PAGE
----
Square & Cube Roots of Monomials

Square & Cube Roots of Monomials
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  • 0:05 Review of Square and…
  • 1:24 Square Root of a Monomial
  • 3:00 Cube Root of a Monomial
  • 4:31 Lesson Summary
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Lesson Transcript
Instructor: Kevin Newton

Kevin has edited encyclopedias, taught middle and high school history, and has a master's degree in Islamic law.

Being able to find the cube or square root of monomials can make all math much easier, and it's not as hard as you'd think. This lesson will show you how and allow you to test your skills with a quiz.

Review of Square and Cube Roots

So, as you've probably guessed, this is a lesson on how to take the square root and cube root of a monomial. Remember, a monomial is simply a term that doesn't have any external operations. So, 3x^2 is a monomial, but not x + 5x^2. That's the easy part.

Now, on to taking the square root and cube root. A square root, as you may recall, is a number times itself which gives you your original number. Likewise, a cube root is a number that is multiplied by itself twice to arrive at the original number.

If you thought that I was going to go over that the cube root of 27 is 3 or that the square root of 49 is 7, then you're going to get more than you bargained for. Yes, those are the right answers. But what is the square root of 98?

If you guessed that you break it into the square root of 49 and the square root of 2, then solve, leaving 7 times the square root of 2, then you'd be on the right path. Even better, if you got that the cube root of 54 was really the cube root of 2 times the cube root of 27, so it's 3 times the cube root of 2, then you've really got it. If not, just look at how I broke the number into smaller parts; that is going to be important here in a second.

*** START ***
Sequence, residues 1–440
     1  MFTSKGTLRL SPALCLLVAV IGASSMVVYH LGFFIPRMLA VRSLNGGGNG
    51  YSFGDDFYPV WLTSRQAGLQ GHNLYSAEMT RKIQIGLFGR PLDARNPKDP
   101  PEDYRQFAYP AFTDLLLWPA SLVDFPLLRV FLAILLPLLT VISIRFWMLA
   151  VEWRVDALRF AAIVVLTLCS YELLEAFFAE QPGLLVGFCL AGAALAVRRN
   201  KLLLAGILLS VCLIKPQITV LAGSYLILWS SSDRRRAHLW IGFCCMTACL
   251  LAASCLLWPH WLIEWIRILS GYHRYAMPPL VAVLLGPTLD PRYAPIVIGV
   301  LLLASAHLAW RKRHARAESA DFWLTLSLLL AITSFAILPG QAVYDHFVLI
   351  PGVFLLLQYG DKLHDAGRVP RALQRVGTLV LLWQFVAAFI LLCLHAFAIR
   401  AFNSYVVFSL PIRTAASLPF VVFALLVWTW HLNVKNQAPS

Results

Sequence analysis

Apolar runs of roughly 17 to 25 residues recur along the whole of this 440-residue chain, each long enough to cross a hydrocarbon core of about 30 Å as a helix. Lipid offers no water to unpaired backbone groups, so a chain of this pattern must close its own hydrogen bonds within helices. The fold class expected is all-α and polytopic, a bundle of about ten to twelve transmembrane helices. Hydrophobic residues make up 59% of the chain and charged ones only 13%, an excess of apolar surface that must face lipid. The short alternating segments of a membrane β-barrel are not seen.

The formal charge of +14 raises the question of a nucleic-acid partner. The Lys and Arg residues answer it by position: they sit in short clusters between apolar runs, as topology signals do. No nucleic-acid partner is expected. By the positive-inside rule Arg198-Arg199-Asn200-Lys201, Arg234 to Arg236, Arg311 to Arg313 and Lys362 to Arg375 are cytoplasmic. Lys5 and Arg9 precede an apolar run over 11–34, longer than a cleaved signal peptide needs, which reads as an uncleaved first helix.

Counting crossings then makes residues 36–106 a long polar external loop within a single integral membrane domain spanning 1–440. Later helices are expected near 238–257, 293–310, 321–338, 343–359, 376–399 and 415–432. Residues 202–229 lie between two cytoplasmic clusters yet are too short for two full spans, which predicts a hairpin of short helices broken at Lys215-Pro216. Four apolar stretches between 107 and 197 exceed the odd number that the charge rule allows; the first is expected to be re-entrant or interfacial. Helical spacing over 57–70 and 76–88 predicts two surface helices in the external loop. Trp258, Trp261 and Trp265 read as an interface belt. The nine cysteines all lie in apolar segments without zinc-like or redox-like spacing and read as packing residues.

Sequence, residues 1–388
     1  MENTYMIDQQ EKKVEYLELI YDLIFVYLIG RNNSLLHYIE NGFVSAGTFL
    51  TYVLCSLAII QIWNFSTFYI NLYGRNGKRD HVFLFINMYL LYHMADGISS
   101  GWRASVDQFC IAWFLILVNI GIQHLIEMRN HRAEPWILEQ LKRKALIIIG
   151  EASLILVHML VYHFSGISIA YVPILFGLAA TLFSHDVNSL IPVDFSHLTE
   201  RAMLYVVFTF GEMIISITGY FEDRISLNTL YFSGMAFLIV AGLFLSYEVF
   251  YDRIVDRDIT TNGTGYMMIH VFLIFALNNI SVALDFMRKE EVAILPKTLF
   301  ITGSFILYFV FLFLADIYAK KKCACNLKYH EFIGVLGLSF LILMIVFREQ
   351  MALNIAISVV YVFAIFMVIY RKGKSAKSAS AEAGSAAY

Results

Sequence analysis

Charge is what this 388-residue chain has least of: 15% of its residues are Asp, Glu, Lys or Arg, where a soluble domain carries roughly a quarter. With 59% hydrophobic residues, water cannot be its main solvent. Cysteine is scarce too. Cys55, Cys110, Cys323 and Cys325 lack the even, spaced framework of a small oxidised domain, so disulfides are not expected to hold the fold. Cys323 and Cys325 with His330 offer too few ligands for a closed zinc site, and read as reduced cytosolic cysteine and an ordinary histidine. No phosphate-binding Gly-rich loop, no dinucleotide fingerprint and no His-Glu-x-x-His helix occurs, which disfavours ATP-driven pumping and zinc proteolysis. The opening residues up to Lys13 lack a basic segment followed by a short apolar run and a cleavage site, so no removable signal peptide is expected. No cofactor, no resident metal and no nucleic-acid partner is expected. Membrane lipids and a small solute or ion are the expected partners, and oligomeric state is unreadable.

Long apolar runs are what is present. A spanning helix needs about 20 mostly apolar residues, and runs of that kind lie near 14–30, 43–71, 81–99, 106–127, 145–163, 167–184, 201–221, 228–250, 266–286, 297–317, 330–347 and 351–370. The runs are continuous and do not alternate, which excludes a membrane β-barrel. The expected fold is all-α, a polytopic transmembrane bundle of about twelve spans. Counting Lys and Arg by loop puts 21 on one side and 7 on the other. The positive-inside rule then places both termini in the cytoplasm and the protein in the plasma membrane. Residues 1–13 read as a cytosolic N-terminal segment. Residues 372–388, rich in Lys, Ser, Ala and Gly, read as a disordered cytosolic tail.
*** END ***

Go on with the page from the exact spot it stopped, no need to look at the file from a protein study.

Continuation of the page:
Square Root of a Monomial

First, let's start with square roots. Let's say that you go from taking the square root of friendly numbers like 49, 64, or 100, and suddenly end up with a weird-looking number, like the square root of 16 * x^4. What do you do? Same as before - break it apart. The square root of 16 is easy enough, but what about x^4?

Here's the trick for finding the square root of a variable, especially a variable with an exponent. Simply divide the exponent by 2. After all, if you were to think of it a little differently, the square root of a number is really just that number to the 1/2 power. So, if you divide the 4 in x^4 by 2, you get x^2. Therefore, the answer is 4x^2.

Before we go on, let's make sure that you've got this. Say you wanted to take the square root of 64 * a^6 * b^8. Wait, I didn't say there could be two variables! However, the process is just the same, except this time, let's break it into three parts.

What is the square root of 64? That's easy; it's 8 since 8 times 8 is 64. Now for the variable parts. Remember just to divide the exponent by 2. Therefore, you end up with 6 / 2, or a^3, and 8 / 2, or b^4. Therefore, your final answer is 8 * a^3 * b^4.

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